In this and last week's article we introduced a new proposal for dealing with the Gaussian copula skew and the pricing of bespoke baskets in the single tranche market. The Composite Basket Model acknowledges the fact that the Gaussian copula or similar methods are widely used by market participants to price these products while it also attempts to rationalise how market participants adjust their prices to accommodate their own views of risk.
The results presented indicate that this approach is capable of capturing much of the structure implied by the published quotes: once the parameters are calibrated, the model fits the 5yr and 10yr iTraxx Europe, the 5yr and 10yr iTraxx North America and the standardised FTD baskets. These results, obtained for different terms and valuation dates, indicate that a trivial generalisation to bespoke baskets is possible with this method at least as long as our baskets are as diversified as the indices themselves are.
|Table 1: Composite basket model parameters|
|U.S. systemic intensity||5.6bps|
|E.U. systemic intensity||9.0bps|
|Table 2: Traxx Europe five year as of July 14 (average spread 46bps). Equity tranche (0-3) spreads correspond to the effective spread equivalent to an upfront payment of 30/32.5%.|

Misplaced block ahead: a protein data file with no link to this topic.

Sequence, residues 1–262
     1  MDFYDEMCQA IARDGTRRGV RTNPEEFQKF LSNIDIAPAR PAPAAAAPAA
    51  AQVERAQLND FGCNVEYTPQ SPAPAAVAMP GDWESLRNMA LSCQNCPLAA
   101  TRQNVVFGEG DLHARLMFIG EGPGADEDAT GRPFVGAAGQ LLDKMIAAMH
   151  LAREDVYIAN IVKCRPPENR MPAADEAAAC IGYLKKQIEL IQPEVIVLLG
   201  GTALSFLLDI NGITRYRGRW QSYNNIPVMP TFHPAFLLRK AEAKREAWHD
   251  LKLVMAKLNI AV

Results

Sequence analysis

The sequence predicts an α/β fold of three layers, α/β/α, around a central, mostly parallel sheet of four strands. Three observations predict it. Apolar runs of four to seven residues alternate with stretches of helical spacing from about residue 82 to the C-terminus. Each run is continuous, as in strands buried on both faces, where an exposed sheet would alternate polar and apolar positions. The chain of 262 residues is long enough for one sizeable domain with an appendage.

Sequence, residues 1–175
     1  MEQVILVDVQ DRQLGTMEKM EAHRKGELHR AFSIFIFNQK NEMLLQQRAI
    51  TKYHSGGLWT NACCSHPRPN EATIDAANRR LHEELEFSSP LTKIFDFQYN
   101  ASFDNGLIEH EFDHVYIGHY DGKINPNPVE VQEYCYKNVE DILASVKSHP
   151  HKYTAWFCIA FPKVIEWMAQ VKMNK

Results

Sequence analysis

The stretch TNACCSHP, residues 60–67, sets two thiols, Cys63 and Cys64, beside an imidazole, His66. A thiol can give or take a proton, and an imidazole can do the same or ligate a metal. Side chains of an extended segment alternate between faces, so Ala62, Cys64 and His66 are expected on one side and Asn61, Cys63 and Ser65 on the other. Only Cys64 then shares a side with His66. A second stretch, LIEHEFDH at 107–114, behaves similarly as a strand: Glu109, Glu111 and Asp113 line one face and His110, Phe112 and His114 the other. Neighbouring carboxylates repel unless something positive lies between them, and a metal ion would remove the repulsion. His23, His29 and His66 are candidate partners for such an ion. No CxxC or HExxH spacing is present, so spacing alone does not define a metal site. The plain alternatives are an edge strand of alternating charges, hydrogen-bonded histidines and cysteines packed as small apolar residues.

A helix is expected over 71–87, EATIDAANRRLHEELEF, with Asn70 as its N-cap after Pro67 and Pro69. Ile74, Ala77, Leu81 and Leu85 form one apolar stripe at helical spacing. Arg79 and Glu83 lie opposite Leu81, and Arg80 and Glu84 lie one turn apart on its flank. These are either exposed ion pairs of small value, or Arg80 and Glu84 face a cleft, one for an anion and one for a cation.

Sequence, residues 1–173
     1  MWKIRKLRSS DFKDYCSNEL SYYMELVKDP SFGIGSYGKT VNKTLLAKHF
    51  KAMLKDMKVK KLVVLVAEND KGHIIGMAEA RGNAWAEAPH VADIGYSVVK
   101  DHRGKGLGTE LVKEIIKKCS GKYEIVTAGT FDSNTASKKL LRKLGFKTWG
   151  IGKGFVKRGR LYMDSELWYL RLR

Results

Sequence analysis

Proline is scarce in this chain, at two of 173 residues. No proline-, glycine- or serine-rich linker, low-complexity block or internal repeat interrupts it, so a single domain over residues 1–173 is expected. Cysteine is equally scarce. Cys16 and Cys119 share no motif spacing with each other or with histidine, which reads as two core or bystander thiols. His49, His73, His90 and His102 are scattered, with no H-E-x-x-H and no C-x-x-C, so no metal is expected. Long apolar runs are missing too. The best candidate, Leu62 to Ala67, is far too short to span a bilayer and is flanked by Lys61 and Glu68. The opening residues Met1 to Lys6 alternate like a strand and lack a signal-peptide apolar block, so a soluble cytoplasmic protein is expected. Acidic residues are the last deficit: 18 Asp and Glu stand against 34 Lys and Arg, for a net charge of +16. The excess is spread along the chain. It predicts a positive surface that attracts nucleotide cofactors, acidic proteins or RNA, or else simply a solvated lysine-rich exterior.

|12 – 22||0.21%||0.26%||0.21%||-2%|
|9 – 12||0.50%||0.57%||0.45%||-11%|
|6 – 9||0.82%||0.90%||0.96%||6%|
|3 – 6||1.95%||2.10%||2.14%||2%|
|0 – 3||13.69%||14.57%||13.95%||—|
|Table 3: iTraxx North America five year as of July 14 (average spread 62bps). Equity tranche (0-3) spreads correspond to the effective spread equivalent to an upfront payment of 40/42%.|
|15 – 30||0.13%||0.17%||0.17%||—|
|10 – 15||0.44%||0.54%||0.66%||22%|
|7 – 10||1.31%||1.38%||1.31%||—|
|3 – 7||3.43%||3.65%||3.44%||—|
|0 – 3||17.82%||18.70%||18.61%||—|
|Table 4: iTraxx Europe 10 year as of July 14 (average spread 65bps). Equity tranche (0-3) spreads correspond to the effective spread equivalent to an upfront payment of 49.7/54.7%|
|12 – 22||0.70%||0.90%||0.68%||-3%|
|9 – 12||1.31%||1.61%||1.63%||1%|
|6 – 9||2.08%||2.48%||2.45%||—|
|0 – 3||15.98%||17.79%||16.64%||—|
|Table 5: iTraxx North America 10 year as of July 14 (average spread 83bps). Equity tranche (0-3) spreads correspond to the effective spread equivalent to an upfront payment of 56.5/60%.|
|15 - 30||N/A||N/A||0.57%||N/A|
|0 – 3||19.32%||20.90%||20.81%||—|
|Table 6: iTraxx North America five year as of May 26 (average spread 66bps). Equity tranche (0-3) spreads correspond to the effective spread equivalent to an upfront payment of 44.5/45.5%.|
|15 – 30||0.12%||0.20%||0.20%||—|
|10 – 15||0.53%||0.68%||0.79%||16%|
|7 – 10||1.46%||1.57%||1.44%||-1%|
|3 – 7||3.70%||4.05%||3.83%||—|
|0 – 3||19.61%||20.08%||19.38%||-1%|
|Table 7: iTraxx North America 10 year as of May 26 (average spread 88bps). Equity tranche (0-3) spreads correspond to the effective spread equivalent to an upfront payment of 57/67%.|
|15 - 30||N/A||N/A||0.66%||N/A|
|0 – 3||19.53%||25.08%||21.52%||—|
|Table 8: First-to-default baskets as of July 14.|
This week's Learning Curve was written by Pedro Tavares, head of quantitative analytics for credit derivatives, Thu-Uyen Nguyen, director responsible for new product development, Alexander Chapovsky, quantitative analytics and Igor Vaysburd, quantitative analytics at Merrill Lynch.